Lanna’s Xylotrupes
To many in Thailand, the sight of a Thai rhinoceros beetle, locally known as kwaang, is familiar, often seen in school boys’ top pockets. Kids across the north who happen across a kwaang were the lucky ones and would rush to show off their finds to their friends before a teacher would spot the bug and snatch it away, throwing it into a bush. As boys grow older their interest fades, but for a select few the obsession remains, and as these boys step into adulthood they join the small ranks of beetle fighting fans who trade, breed and gamble their treasured insects.

“All you need is a strong male with long horns and a bit of good luck.”

Recognisable by the large horns protruding from their heads, the male rhinoceros beetle comes in many shapes and sizes. Growing to an average of 6cm in length, many type of beetle can be found across Asia, Africa and parts of Europe. With a pair of wings encased by a black or dark reddish brown shell with lacquer-like properties, these nocturnal insects have an adult lifespan of just a few months after a gestation period of up to five months as a grub. Purported to be one of the strongest species on earth, they can lift between 100 and 850 times their own weight and unsurprisingly pack a powerful pinch between their two horns, capable of doing some damage to a careless handler. Despite their strength, they are often docile and peaceful creatures, spending their days sleeping and eating sugary fruit. That is of course, until they catch a whiff of a potential mate.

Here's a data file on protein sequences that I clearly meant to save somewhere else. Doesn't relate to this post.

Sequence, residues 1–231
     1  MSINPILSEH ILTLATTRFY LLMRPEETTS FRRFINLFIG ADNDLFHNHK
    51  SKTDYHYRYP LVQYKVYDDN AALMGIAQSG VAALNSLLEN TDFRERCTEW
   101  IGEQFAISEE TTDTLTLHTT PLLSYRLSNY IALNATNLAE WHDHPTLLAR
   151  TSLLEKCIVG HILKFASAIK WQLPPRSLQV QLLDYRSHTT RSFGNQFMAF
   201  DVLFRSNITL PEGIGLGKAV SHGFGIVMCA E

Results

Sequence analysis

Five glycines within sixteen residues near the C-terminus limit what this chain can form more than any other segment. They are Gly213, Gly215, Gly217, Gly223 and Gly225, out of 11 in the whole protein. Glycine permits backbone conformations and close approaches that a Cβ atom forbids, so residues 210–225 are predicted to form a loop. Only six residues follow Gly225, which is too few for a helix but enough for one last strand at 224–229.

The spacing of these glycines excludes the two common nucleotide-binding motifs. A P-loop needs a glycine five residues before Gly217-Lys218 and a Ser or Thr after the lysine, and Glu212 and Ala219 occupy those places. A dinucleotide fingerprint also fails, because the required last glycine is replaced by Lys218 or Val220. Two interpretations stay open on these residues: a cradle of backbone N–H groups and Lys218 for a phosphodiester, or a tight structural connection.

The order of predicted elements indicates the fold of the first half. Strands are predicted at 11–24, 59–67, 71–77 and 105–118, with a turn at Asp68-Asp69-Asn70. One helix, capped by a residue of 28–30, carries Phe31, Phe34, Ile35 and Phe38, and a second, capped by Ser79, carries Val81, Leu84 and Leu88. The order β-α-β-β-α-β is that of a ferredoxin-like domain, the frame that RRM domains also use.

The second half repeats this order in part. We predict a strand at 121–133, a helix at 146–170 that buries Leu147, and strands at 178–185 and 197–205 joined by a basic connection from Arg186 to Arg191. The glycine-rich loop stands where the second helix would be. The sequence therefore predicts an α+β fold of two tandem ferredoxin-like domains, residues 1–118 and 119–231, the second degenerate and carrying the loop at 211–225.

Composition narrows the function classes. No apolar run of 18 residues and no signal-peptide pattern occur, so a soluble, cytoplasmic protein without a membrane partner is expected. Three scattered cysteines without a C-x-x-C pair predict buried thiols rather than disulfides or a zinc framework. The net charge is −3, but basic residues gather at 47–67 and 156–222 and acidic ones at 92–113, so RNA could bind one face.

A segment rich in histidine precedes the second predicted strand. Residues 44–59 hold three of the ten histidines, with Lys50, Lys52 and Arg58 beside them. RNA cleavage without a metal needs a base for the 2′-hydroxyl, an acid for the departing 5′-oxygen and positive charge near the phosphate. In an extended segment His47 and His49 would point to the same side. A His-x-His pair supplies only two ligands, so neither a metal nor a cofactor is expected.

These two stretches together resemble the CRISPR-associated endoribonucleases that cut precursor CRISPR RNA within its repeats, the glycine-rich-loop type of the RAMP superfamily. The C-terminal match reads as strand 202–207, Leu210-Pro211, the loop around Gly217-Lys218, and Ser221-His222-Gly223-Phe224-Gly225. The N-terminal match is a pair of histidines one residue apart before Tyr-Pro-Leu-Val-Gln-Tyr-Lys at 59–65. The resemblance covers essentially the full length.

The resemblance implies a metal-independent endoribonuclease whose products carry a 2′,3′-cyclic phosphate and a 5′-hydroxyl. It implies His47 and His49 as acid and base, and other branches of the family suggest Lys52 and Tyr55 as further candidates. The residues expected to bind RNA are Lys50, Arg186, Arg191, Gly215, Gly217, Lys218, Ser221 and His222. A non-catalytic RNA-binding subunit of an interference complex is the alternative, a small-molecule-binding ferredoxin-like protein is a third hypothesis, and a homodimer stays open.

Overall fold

When the female pheromones begin to arouse the male, their docile demeanours change to that of a riled up bull, lunging forward looking for a rival to butt horns with. Between August and October of every year, these beetles reach maturity and are highly driven with a desire to mate. According to Dr. Stephane Rennesson, an anthropologist working in the region, the beetles don’t fight to attract females but rather to ward off any rival that may appear during intercourse — a process that takes over an hour.